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Government changes planning permission requirements for unused buildings

Jessica Bird

July 21, 2020

new-build

The government has introduced new laws removing the requirement for planning permission when demolishing and rebuilding unused buildings as homes.

Coming into effect in September, this aims to deliver new homes and revitalise town centres across England, as commercial and retail properties can be quickly repurposed.

Homeowners will also be able to add up to two additional storeys to their homes through a fast track approval process, with a requirement to carefully consider the impact on neighbours and the appearance of the extension.

This is part of government plans to reform England’s planning system to deliver more high-quality homes.

Developers will still need to adhere to building regulations.

Pubs, libraries, village shops and other buildings essential to communities will not be covered by these flexibilities.

Councils will need to take the temporary impact of coronavirus into account when considering permission for change of use, redevelopment or demolition of these buildings, and this will not change due to the new laws introduced today.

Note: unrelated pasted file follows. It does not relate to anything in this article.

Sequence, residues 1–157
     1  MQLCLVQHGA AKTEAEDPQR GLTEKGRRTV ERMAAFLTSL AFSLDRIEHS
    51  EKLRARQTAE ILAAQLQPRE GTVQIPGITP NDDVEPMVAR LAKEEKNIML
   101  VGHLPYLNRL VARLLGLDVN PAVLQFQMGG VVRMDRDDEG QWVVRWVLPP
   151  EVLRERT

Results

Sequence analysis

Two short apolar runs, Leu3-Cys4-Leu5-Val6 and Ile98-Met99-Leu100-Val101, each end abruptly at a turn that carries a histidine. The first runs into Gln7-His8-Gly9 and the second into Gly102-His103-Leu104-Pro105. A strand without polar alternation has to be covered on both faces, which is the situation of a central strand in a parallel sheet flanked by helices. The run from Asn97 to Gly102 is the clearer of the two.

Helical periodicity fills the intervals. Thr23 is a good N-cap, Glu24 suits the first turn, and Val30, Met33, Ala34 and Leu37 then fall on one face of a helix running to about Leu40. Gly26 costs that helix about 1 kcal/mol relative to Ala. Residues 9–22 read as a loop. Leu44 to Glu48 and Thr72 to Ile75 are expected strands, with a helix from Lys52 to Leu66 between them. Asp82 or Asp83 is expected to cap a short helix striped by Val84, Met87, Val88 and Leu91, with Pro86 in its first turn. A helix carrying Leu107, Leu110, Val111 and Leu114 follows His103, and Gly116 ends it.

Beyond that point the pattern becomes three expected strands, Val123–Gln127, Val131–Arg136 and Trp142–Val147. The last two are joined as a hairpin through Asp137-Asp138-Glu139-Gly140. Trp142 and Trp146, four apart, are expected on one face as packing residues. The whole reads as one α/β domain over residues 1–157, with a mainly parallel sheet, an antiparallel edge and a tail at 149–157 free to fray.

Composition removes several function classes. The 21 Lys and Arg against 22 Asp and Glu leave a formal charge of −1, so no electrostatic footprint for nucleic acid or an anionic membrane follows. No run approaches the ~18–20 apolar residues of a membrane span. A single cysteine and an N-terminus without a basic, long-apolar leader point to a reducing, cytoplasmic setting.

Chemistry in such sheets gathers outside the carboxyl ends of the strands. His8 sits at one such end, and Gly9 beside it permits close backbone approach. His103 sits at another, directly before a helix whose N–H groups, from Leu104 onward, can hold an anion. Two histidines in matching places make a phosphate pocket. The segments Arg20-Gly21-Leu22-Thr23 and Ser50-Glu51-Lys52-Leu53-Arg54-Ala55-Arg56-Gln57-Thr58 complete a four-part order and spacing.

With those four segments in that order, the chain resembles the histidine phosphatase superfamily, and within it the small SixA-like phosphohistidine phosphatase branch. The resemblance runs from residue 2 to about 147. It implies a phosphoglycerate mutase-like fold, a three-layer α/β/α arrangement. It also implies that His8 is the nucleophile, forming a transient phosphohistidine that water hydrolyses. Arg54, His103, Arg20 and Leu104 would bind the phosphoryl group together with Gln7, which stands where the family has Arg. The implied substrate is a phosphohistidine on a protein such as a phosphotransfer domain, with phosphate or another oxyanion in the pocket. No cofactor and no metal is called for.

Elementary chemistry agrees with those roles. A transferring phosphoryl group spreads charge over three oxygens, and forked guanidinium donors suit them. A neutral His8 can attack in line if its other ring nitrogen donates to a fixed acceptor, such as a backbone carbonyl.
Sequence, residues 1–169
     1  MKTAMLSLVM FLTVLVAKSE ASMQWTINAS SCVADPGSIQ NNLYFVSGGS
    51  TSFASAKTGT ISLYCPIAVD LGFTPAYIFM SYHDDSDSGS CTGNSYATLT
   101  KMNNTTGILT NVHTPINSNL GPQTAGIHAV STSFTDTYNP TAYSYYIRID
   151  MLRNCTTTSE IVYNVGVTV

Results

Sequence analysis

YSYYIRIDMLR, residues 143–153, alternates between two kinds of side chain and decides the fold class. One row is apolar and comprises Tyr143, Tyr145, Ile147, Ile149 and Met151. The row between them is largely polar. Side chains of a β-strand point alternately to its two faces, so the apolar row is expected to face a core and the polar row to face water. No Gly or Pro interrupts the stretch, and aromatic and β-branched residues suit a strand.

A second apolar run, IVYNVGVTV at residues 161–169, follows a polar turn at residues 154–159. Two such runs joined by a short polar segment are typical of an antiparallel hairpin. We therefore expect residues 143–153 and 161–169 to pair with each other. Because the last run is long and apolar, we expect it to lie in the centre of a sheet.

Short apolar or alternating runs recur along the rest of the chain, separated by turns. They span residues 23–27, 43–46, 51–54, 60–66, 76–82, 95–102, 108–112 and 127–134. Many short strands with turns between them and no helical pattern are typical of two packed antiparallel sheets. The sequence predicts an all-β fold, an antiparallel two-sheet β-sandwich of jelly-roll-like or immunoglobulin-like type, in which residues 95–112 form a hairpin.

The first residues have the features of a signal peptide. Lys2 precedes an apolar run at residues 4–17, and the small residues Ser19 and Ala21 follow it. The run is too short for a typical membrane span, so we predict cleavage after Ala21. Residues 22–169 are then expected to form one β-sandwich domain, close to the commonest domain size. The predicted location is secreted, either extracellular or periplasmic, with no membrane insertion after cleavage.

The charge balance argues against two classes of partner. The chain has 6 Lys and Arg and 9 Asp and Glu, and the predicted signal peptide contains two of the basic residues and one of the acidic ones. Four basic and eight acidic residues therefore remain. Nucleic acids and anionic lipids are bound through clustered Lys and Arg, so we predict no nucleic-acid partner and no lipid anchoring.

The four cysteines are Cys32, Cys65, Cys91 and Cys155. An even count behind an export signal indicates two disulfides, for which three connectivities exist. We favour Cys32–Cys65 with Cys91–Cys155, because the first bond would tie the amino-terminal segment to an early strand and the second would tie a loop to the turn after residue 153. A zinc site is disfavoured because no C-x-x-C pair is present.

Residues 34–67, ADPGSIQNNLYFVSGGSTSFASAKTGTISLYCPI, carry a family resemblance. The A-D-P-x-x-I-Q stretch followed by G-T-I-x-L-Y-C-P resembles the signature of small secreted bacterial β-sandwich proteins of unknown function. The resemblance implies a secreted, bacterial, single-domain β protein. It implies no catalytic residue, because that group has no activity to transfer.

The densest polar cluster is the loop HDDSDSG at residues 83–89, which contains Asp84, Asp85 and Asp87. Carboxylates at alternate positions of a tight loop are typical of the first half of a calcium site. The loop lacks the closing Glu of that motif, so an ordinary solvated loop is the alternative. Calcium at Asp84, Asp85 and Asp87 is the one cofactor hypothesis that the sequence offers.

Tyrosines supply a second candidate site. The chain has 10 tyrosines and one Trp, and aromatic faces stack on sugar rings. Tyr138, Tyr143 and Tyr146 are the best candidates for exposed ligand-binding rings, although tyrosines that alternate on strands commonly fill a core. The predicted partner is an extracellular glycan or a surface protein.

Housing Secretary Rt Hon Robert Jenrick MP, said: “We are reforming the planning system and cutting out unnecessary bureaucracy to give small business owners the freedom they need to adapt and evolve, and to renew our town centres with new enterprises and more housing.

“These changes will help transform boarded up, unused buildings safely into high quality homes at the heart of their communities.

“It will mean that families can add up to two storeys to their home, providing much needed additional space for children or elderly relatives as their household grows.”

Mark Challis, planning and environment partner for BDB Pitmans, said: “Although relaxing planning controls will strike a positive note with many, particularly in view of the economic and social effects of COVID-19, there is a price to be paid in the quality of development that can come forward with limited scrutiny by planning authorities.

“Moreover, planning is a public process and this proposed expansion of permitted development rights will leave some people affected by development feeling frustrated that they have not had a proper chance to have their say about it.”


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